Italy is a major industrialised nation with a long tradition of superior artisan craftsmanship and is a true world leader in modern design. I went to the 1988 World Expo in Brisbane, Australia and the Italian Pavilion was a marvel, it just oozed quality and superior design. Now, Parafernalia make much of their design heritage on their website, and emphasise the Revolution as “entirely hand-made with 31 miniaturised metallic components and push mechanism”. Against this background I am truly disappointed in the workmanship of the Revolution. Firstly the four tie plates that hold the rods in place are plastic (not metal) and have tool marks on them, presumably from pliers or something similar when they are being assembled. Secondly the push button top has a slightly bent shaft so it doesn’t sit straight on the top of the pencil. Lastly the wooden presentation stand is just plain shameful. When you open the box that this pencil comes in, the very first thing you see is the large sawn-off end of the wooden presentation stand. They couldn’t even be bothered using a bit of sandpaper to remove the splinters and wood fibres from the groove cuts in the block. To a person like me who has a little bit of sawdust in their veins this is just truly appalling. With this quality of workmanship I would be ashamed to sell this product, and Parafernalia should be to.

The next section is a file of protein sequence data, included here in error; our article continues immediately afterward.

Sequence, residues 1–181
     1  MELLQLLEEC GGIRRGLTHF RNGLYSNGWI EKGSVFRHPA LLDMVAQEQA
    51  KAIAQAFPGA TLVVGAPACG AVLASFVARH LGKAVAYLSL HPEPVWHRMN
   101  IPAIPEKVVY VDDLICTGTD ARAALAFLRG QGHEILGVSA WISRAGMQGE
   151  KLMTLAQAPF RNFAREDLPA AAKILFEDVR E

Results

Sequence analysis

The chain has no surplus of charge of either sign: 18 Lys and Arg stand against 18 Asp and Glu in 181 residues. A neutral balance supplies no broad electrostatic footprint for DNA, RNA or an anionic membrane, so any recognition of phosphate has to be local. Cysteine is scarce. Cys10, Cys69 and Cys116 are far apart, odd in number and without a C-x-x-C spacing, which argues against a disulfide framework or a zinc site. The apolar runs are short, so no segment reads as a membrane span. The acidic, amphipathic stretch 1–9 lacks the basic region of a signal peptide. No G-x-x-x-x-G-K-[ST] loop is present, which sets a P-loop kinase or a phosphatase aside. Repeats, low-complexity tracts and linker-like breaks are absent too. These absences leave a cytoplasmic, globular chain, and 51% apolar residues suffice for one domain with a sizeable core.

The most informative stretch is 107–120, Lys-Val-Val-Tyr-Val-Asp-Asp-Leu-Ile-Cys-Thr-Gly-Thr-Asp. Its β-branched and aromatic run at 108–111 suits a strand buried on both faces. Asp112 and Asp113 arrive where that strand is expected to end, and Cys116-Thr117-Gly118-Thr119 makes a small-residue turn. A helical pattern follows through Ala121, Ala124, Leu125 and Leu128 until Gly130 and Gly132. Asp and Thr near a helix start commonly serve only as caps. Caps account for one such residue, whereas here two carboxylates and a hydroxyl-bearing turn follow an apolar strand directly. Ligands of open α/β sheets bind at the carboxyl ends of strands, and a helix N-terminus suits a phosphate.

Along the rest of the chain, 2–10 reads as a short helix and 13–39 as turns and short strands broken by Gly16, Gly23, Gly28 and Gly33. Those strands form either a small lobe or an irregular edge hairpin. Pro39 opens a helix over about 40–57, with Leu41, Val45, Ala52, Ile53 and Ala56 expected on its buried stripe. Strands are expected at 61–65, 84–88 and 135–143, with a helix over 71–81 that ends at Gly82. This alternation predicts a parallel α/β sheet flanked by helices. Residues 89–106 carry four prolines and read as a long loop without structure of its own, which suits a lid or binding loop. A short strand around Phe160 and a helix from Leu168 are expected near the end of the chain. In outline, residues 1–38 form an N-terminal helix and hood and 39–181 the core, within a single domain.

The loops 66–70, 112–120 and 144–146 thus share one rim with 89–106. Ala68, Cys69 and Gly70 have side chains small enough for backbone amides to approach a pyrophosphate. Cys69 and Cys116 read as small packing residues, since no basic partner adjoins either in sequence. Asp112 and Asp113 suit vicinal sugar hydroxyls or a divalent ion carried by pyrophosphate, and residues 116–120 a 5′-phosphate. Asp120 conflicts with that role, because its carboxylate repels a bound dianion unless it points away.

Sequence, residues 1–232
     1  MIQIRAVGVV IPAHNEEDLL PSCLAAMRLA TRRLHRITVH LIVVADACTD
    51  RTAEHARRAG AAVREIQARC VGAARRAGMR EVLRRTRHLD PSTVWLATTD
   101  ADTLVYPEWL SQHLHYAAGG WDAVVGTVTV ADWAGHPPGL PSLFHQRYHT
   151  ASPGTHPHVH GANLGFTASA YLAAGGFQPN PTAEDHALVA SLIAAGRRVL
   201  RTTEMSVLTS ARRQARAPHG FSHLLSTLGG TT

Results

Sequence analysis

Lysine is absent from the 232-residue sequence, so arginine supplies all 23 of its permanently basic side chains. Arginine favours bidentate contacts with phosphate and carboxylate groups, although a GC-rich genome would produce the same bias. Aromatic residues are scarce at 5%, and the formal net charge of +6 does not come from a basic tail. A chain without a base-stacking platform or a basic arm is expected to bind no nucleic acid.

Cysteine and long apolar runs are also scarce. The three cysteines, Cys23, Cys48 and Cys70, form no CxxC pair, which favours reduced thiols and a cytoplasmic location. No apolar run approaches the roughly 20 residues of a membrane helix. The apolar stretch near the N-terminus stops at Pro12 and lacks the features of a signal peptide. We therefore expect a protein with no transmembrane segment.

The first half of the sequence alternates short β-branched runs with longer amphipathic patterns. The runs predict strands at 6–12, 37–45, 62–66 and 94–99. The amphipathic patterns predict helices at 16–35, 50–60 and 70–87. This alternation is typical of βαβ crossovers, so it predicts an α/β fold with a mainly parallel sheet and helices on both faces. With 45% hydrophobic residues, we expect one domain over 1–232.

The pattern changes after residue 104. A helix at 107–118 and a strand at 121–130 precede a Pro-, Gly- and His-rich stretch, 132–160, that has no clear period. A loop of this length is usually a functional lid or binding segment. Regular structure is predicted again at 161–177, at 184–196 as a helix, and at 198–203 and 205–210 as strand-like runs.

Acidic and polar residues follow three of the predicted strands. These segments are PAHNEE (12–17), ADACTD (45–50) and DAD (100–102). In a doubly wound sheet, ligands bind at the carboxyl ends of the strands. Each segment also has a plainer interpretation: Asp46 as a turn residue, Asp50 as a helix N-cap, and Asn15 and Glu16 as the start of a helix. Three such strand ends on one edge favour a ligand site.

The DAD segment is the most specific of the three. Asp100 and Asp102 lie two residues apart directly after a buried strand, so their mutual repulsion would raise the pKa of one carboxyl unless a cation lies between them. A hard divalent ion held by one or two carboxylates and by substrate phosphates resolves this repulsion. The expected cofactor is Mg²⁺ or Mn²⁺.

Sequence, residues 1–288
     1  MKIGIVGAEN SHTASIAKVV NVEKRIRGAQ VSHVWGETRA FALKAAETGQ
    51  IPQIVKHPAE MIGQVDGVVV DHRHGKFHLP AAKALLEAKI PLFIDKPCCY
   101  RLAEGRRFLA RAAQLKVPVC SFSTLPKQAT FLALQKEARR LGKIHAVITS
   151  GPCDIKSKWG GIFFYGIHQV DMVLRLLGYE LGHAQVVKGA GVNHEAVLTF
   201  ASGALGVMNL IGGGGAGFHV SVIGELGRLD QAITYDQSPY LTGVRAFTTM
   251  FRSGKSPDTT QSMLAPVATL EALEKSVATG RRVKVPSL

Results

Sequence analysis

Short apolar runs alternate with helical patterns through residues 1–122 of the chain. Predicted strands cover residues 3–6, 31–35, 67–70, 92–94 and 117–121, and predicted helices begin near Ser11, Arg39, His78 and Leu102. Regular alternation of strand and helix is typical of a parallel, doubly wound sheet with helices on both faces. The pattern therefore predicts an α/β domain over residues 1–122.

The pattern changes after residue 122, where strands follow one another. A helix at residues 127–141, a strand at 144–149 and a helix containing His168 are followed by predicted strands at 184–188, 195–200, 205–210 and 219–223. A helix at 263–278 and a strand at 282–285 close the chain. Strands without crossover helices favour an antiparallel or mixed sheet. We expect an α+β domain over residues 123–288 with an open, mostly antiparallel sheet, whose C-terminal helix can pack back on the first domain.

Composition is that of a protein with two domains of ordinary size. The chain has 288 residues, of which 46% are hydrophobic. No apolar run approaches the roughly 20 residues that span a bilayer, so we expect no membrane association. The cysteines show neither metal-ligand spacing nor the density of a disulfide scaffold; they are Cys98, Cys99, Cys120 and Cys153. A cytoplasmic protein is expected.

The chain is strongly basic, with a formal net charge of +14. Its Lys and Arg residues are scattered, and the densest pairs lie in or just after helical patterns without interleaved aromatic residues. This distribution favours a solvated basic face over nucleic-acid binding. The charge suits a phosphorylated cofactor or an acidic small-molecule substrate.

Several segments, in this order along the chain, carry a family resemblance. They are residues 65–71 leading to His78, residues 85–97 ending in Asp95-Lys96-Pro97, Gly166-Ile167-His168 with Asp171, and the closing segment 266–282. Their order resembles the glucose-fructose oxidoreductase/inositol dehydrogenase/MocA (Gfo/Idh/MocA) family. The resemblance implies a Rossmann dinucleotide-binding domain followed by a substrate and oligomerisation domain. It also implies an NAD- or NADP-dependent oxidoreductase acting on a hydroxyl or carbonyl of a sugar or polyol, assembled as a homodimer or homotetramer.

• Best Points – A truly unusual design, interesting feeling the pencil flex as you write.
  • Not So Good Points – Disappointing standard of workmanship
  • Price Range – Mid / High.

Dimensions – Length 141mm, 12mm triangular sides. Balance point about 80mm up from the tip.


Anonymous said...

Thanks for this detailed review, which I enjoyed reading.

It's disappointing to learn that the workmanship isn't of the same calibre as the design, as it looks like a very nice writing instrument.

Anonymous said...

I have two Parafernalia Revolution pencils, and neither has the defects mentioned in Dave's review. It is true that the triangular plates holding the body rods together are plastic, but I do not find that a serious drawback; and the ones on my pencils show no sign of scratches or marring. Also, niether of my wooden display stands had rough edges. Maybe Dave got a lemon, but I am very pleased with mine. The Parafernalia Revolution has the best looks and feel of any mechanical pencil I have owned.

Kiwi-d said...

Hi Gregory. Hey thanks for posting your comment. I'm really glad someone has stood up for the Revolution, and is happy with their one. It really is an unusual design. My disappointment was workmanship based so I guess you are right and I got a lemon. Certainly no problem with the ties being plastic, its just they state 'metal components' implying its all metal when it isn't, and of course mine were marked. As you can see in the photo my display stand was a rough job. I'm glad to hear they do know how to make a good one! Thanks again.

Time Waster said...

I never got a good look at this pencil wow is this thing weird I'm surprised it's not a Japanese pencil.

Anonymous said...

I just bought both a pen and pencil of the smaller version. They have a larger version and one made with wood on the tubes. they write well and fit well in my hand. One of the presentation stands had the flaws described earlier but the other does not. I like both the pen and pencil!